When Pauline Shaw first stepped on the ice in 1979, it wasn’t love at first sight for a sport that has become a passion, instead she found herself hoping the kids zipping past her wouldn’t hit her.
As time passed, Shaw made the ice where she figure skates her second home.
“As long as my body says I can skate, I’m going to skate,” she said.
Shaw, 50, is a member of the Oak Bay Figure Skating Club and recently brought home two gold medals from the Washington Winter Games.
“She went down there and competed in the level three free skate and then the level two dance,” said one of her coaches Kailee Bowman. “She skated absolutely phenomenally and she told me she had an absolute blast.”
Shaw went to Washington as part of the B.C. Special Olympics team.
Her recent gold medals are two in a long line of wins for Shaw. Bowman said Shaw has been skating all over the Island and so far is undefeated.
Bowman and Shaw have been working together since Bowman moved to Victoria.
“When I first met (Shaw) she was very eager to skate and soak everything up like a sponge,” said Bowman. “You could really see the joy of skating in her. She loves to be out there on the ice and calls it her second home, and you pick that up when you’re working with her. It’s really humbling.”
In addition to travelling around Vancouver Island to compete, Shaw, originally from Scotland, has also competed in the World Games in Austria in 1993, where she won gold for figure skating.
“That was a long trip,” said Shaw with a laugh. “It was different to skate with people from all over the world, because normally I just skated with people from B.C. or other parts of Canada, but all of a sudden there were American skaters, and skaters from Russian and France and all over.”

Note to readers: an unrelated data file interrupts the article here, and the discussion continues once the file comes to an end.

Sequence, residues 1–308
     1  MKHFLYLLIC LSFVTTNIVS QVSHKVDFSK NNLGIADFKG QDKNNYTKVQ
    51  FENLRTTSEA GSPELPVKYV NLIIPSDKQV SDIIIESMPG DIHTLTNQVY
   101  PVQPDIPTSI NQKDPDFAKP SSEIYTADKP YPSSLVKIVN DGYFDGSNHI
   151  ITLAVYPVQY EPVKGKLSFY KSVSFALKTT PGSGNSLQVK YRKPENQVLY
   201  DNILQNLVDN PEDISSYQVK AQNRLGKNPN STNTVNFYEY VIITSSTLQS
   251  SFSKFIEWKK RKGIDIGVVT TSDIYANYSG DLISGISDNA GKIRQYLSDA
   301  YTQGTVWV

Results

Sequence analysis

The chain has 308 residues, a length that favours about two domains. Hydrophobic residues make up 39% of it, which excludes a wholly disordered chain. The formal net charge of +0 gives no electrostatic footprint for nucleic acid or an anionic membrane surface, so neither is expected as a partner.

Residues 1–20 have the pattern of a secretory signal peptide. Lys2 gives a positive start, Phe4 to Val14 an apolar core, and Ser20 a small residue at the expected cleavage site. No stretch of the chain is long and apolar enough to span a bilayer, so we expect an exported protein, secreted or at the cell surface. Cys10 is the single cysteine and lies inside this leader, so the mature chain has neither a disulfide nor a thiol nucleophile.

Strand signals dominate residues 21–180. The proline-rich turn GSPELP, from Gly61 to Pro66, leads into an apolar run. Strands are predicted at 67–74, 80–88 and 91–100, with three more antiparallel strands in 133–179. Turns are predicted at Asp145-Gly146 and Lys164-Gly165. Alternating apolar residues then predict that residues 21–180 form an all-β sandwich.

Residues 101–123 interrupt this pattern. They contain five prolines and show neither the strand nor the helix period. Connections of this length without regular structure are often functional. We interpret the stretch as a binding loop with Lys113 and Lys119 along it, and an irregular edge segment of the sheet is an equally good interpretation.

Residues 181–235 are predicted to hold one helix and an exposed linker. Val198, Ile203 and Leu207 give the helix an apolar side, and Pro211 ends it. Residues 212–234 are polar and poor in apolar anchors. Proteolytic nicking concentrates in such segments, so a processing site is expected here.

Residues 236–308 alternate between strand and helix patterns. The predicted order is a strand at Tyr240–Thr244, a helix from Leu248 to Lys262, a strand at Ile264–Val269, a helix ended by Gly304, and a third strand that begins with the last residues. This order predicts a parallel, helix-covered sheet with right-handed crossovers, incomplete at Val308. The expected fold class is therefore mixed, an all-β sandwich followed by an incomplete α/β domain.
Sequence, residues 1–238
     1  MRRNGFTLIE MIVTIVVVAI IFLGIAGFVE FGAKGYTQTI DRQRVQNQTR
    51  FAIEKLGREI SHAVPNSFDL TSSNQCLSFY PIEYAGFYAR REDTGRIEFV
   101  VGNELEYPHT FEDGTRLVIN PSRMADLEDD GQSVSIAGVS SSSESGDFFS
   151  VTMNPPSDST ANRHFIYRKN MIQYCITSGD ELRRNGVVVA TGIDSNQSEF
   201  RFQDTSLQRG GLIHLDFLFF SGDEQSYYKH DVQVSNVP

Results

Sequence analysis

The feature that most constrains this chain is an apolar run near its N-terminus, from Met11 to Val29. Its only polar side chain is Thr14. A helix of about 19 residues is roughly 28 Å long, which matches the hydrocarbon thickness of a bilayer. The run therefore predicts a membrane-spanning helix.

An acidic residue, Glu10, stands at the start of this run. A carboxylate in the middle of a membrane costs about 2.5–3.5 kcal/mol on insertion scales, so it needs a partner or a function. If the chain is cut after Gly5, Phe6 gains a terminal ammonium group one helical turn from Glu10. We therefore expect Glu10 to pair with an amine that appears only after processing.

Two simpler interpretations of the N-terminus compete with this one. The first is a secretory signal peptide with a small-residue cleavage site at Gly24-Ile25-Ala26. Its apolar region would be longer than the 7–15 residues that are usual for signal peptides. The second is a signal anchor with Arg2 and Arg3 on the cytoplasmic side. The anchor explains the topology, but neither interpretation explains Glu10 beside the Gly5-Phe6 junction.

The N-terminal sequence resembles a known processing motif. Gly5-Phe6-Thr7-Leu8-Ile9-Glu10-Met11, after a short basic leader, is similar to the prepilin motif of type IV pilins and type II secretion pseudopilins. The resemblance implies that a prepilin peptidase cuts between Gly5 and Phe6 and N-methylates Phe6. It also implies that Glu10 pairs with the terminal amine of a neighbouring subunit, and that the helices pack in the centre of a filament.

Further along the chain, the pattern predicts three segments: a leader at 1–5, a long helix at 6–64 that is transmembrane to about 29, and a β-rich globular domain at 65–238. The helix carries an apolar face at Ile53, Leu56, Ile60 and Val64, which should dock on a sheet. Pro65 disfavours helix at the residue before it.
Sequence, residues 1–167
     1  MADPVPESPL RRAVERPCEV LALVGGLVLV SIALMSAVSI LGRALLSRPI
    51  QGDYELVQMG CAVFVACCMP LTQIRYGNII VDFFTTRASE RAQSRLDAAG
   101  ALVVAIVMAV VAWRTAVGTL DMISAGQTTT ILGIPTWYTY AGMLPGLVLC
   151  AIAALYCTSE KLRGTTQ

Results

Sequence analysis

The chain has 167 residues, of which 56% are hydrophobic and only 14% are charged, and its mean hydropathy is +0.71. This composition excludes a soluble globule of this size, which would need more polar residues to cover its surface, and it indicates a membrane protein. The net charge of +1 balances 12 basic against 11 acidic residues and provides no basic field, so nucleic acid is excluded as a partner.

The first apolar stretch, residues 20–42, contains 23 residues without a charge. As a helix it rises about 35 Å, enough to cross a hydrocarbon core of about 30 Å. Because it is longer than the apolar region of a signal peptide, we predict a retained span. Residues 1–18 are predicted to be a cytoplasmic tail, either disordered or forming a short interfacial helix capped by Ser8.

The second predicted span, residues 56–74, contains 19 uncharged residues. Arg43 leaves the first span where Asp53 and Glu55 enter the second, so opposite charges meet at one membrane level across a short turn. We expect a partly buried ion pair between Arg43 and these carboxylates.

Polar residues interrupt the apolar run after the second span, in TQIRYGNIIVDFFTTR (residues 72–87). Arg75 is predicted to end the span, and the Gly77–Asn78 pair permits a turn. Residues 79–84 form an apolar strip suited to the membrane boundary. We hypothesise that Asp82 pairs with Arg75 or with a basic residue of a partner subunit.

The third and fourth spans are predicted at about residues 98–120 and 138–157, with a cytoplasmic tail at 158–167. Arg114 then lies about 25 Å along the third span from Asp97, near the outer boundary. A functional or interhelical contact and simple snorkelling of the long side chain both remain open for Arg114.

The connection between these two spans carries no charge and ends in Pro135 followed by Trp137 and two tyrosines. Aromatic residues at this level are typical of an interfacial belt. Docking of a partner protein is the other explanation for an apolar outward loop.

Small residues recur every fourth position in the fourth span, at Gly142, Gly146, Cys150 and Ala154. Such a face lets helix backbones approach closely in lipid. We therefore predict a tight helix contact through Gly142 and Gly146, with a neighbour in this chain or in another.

Shaw has been a Special Olympic athlete since 1982, competing in a number of sports including speed skating and rhythmic gymnastics.
Her commitment and passion for sports was rewarded by Special Olympics when she was named the Canadian Female Athlete of the Year in 2007.
“I don’t really feel any pressure to compete,” said Shaw. “I just like going there, skating and having fun. For me that’s why I do it.”
Because Shaw has been skating since 1979 she has seen a lot of changes in the sport and in Special Olympics.
When she returned to skating competitively in 1996, she noticed new levels and skills were added to the competitions.
“It was a little challenging,” she said. “It seemed overwhelming at first, because I was looking at what they were doing on the ice and thinking ‘how are they doing that.’ But when they broke it down, it made more sense.”
Shaw will be competing again in April when she heads to Parksville for the Vancouver Island Series International, and while Bowman, like Shaw, isn’t concerned about coming home with a medal, Bowman said it’s icing on the cake.
“She doesn’t go out there to compete,” said Bowman. “She goes out there to have fun and so when she goes out there to win the gold medal, it’s just an added bonus. She’s just so happy. It’s amazing to see someone who is just so in love with the sport go out there, skate and do so well. It’s really inspiring.”